NPL clubs and the impact of social media

NPL clubs and the impact of social media

I wholeheartedly sympathise with the players and all other parties who are directly and indirectly affected by the inactivity of the financially-crippled Namibia Premier League (NPL), but parallel to my sympathy is also my clarion call on all clubs to take a moment and draw some lessons from this drawn-out scandal.

As on many other occasions, I have always emphasised that it is not healthy for a country to have a league where all clubs solely depend on the NPL’s monthly grants for their survival and smooth running of daily operations.

As witnessed in many other African countries, that set-up where the league sponsors the clubs’ entire operations via monthly grants has never worked – all it breeds is a bunch of crybabies all helplessly waiting for the NPL to quench their financial thirst.

Look, all I’m calling for from the side of the clubs is innovation and a bit of fortitude in doing things differently. Speaking of innovation, I again urge the clubs to use modern platforms such as social media to lure sponsors and bring supporters back to the stadiums.

Social media and other digital platforms have over the years taken us to a place where the involvement of clubs in engaging fans and potential sponsors goes beyond locker rooms and stadiums. With social media platforms, clubs now have an obligation to interact and constantly update their fans throughout the day via these platforms.

In football terms, we jokingly say if you cut any football fan, they bleed their club colours. This saying goes a long way in explaining the loyalty of fans, with some even going as far as engraving their club’s logo on their bodies in the form of tattoos, while some display it in the form of home decorations and others as the colour scheme at their weddings – in essence football fans proudly display their club colours in all spheres of their lives.

Hence, the importance of clubs to be active on social media platforms such as Facebook, Twitter, Instagram and others, where they can interact with fans, promote various team items such as new club jerseys, club phone covers and others that fans might be interested in buying.

When it comes to online presence, the biggest asset that a club has is its fans. Clubs should give fans an opportunity to connect and share their passion as this not only offers fans something of value but also strengthens the fans’ ties with the club and brand.

Every football fan can identify with the fortunes of their team as well as scour the web for any insights into their clubs, be it transfers, injuries or interviews with their heroes. This is something that lacks in Namibian football, especially with our clubs’ virtual non-existence on social media platforms.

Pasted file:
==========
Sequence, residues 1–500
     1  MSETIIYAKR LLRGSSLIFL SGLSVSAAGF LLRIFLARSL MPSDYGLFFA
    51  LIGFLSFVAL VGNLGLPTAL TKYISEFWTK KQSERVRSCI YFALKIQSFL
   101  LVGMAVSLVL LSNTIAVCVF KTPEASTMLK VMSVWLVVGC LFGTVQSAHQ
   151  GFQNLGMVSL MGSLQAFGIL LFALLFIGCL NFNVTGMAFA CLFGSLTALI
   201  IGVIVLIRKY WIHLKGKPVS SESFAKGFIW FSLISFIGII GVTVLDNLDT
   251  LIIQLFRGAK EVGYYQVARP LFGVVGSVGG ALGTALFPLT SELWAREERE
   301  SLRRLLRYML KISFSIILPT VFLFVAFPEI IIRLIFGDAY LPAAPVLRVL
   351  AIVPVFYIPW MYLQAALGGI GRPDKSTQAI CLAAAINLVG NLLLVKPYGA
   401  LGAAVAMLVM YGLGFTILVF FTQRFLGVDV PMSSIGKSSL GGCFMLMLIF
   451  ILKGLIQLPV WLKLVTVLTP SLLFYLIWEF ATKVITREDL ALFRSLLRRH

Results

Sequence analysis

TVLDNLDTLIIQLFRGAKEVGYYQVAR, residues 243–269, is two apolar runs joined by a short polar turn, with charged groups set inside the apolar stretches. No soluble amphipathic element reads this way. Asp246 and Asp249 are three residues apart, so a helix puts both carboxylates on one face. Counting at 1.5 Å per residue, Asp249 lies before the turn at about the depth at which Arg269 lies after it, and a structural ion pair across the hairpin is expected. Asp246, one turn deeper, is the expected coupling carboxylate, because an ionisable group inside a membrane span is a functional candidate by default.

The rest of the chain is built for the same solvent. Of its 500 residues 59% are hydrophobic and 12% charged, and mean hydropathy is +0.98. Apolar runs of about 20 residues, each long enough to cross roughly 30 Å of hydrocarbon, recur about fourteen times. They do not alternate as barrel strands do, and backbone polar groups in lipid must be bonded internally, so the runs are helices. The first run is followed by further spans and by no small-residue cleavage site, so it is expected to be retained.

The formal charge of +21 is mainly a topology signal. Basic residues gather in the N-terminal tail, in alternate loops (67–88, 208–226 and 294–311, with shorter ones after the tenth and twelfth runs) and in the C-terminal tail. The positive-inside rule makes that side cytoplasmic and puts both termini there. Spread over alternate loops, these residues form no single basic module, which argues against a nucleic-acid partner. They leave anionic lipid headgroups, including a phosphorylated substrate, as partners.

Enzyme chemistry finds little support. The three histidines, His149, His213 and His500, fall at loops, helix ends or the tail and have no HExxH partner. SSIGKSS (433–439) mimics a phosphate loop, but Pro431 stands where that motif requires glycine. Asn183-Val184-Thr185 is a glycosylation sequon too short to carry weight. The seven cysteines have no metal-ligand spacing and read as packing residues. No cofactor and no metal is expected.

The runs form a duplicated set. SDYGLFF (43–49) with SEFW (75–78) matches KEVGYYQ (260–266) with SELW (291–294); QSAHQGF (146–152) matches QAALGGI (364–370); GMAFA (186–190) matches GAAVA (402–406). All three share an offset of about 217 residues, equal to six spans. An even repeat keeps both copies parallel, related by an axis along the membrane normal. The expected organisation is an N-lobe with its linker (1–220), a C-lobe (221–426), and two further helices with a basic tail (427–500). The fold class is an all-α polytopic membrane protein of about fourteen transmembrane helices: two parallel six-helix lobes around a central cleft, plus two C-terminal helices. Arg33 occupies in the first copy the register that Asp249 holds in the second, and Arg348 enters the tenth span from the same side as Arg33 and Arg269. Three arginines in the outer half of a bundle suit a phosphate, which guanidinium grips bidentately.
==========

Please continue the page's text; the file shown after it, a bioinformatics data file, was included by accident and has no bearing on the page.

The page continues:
Providing advertisement on your team’s website is a small but relevant way to build some extra income for your organization. If you’re getting high traffic to your website then this method is even more valuable to your club’s potential advertisers. Be sure to provide website analytics to your advertisers to let them see how many views and clicks their ads are getting per month. This is not only professional but also allows advertisers to see that they’re getting a return on their investment.

As we all know, corporate sponsorship is simultaneously the most alluring and most elusive of all profit models. A major sponsorship from the right company can literally change the fortunes of your entire organization, but it can only be done through such interventions.

The issue, of course, is that selling the value of a sponsorship can be difficult without the right approach. However, if you have the capacity to prove a return on investment your possibilities are endless.

The good news is that the opportunities to attract sponsors are limitless and social media and other online platforms have the potential to get our clubs there. There are an infinite number of companies out there, and almost all of them would benefit from the right type of sponsorship if given a good representation or proposal by the clubs.

Companies can sponsor your team’s uniforms, website, or social media page, you can use their names on banners, T-shirts, or team programmes, and you can offer them tickets, merchandise, or introductions. There are countless ways to express value, so the only limitation is your own creativity.

Lastly, make sure you develop a professional sponsorship deck to offer to sponsors. You can hire someone to do this for you or you can get started on your own.

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